Hiking near Cinque Terre : 4 trails to avoid the crowds

When I worked as a hiking guide in the Cinque Terre more than a decade ago, we pretty much had the trails to ourselves. Surrounded by lemon trees and fig trees (a wonderful snack), we’d walk the now-famous paths that link the five towns, marveling at the sea below us and enjoying the quiet breeze. These days, although the scenery is the same, those famous trails have gotten busy. It might be worth hiking them just to see what the – justified – fuss is about, but then, head away from the crowds and go hiking near Cinque Terre, where you can avoid the crowds.

Here are four of my favorite avoid-the-crowds nearby trails: each is just long enough to be a satisfying hike, yet short enough to do in a morning and then enjoy a long Italian lunch. Perfetto!

Hiking Near Cinque Terre: Four avoid-the-crowds Trails

Hike Levanto to Monterosso: 3 hours

Levanto is just up the coast from the northernmost Cinque Terre town of Monterosso. I would suggest walking from Levanto to Monterosso rather than the reverse because the views are slightly better, though of course you could walk it either way. Get to Levanto by train, or by boat in high season from Monterosso. It’s not a difficult hike: just 5 miles and about 3 hours long. This hike is described on Everytrail with good detail including lots of photos and a map: the Levanto – Monterosso hiking trail. This hike is also a great way to see what all the Cinque Terre fuss is about: after a nice hike from Levanto, arrive in Monterosso, have lunch, and then explore the other towns either by train or boat. Then leave. Levanto is a really pretty town with lots of accommodation and good restaurants, so you could also start in Monterosso and have lunch in Levanto.

Hiking near cinque terre

Photo by Ondablv on Flickr

Hike Campiglia to Portovenere: 2.5 – 3 hours

Portovenere is a gorgeous little town at the end of the peninsula to the south of the Cinque Terre, and is worth a visit even if you are not hiking. This is a mostly easy hike but it does have some narrow and steep bits, and is easier in the Campiglia-to-Portovenere direction compared to the reverse. Views from the trail are spectacular and include the islands of Palmaria, Tino, and Tinetto as well as the town of Lerici and the Bay of La Spezia. There’s a description and some nice photos of the Portovenere to Campiglia hike – in Italian – along with a list of plants you  may find in the area. Trains don’t run to Portovenere, but you can take a boat from the Cinque Terre, or take a train to La Spezia and then a bus to Portovenere. To get to Campiglia, take the train to La Spezia and then a bus. And, if you decide to hike in this area between October and December, wear bright clothing and make lots of noise because it’s wild boar hunting season!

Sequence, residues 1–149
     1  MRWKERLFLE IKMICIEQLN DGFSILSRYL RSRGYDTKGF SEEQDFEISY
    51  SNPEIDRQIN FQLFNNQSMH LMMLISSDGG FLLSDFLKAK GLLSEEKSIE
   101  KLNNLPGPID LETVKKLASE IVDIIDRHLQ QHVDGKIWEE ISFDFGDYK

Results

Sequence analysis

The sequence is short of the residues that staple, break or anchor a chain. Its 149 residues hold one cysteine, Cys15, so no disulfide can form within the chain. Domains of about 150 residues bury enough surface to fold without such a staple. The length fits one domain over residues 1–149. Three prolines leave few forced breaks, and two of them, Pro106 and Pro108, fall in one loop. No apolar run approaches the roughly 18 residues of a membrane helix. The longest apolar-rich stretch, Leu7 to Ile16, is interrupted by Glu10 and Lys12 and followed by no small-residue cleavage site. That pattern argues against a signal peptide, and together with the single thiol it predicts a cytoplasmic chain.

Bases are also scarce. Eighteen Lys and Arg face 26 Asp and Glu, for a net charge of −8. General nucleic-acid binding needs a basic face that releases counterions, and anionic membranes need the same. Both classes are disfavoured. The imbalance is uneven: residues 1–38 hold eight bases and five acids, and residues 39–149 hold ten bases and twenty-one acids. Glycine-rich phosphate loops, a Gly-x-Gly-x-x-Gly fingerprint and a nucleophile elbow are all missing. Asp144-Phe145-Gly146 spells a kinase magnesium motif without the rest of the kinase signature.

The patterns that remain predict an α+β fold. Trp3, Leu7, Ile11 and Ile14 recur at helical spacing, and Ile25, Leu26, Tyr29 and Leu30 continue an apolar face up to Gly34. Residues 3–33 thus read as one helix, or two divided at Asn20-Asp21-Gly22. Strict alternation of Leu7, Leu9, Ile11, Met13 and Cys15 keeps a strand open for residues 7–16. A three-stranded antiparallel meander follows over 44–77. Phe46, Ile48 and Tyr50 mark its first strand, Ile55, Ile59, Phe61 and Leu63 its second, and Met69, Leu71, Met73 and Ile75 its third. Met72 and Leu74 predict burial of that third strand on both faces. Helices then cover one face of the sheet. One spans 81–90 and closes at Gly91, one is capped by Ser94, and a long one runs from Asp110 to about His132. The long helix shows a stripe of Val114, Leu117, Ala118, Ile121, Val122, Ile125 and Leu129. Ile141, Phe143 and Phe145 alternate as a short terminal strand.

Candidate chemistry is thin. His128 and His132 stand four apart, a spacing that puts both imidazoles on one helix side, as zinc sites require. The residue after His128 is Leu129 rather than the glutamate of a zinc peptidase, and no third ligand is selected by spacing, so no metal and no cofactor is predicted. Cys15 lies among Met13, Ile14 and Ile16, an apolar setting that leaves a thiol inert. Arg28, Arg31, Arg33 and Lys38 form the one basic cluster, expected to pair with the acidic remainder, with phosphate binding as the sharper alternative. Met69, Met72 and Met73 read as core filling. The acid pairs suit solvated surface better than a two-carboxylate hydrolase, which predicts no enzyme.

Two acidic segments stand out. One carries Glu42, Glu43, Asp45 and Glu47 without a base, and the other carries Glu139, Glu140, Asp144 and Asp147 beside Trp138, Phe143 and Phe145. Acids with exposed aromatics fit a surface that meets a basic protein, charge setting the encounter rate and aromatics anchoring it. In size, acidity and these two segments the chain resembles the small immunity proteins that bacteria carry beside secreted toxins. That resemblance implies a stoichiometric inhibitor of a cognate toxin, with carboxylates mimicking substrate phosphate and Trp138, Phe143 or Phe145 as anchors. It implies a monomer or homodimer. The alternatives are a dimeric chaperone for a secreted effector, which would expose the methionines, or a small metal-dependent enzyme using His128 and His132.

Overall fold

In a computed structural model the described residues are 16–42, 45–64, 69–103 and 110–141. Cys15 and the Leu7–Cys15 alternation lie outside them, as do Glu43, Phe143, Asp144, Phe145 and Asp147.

hiking near cinque terre

Photo by spettacolopuro on Flickr

Hike around Palmaria island: 3.5 hours

This small island off Portovenere is a nature park with lots of trails – the colored lines in the map below show two hikes but there are many more as you can see on this detailed map of Palmaria island. The yellow trail below is under 4 miles long and the red hiking trail is about 7.5 miles. The long hike is medium difficulty, with elevation gain and loss totaling about 700 feet. Here’s a detailed description of the hike around Palmaria island.

 

. hiking near cinque terre

Corniglia to Volastra to Manarola: ~2 hours

The towns of Manarola and Corniglia are two of the five Cinque Terre towns, but the trail that everyone walks goes along the sea and is an easy, hour-long walk. Instead, leave the crowds behind and hike a different trail between Manarola and Corniglia that goes up through the lovely town of Volastra. From Corniglia, path 7a connects you to path 6d, which takes you through Volastra. Then take path 6 down into Manarola. Or, do the reverse; it doesn’t really matter. If it’s a warm day, bring your swimming suit and a towel and go for a swim in Manarola!

 

hiking near cinque terre

Photo by Melanie Bateman on Flickr

 

Hiking Tips

  • What to bring. These trails are dirt trails, can be narrow, and may involve some scrambling up or down rocks, so wear footwear with ankle support and bring sunscreen, bug repellent, a hat, enough food and water, and a whistle which you can use to signal if needed (see next point).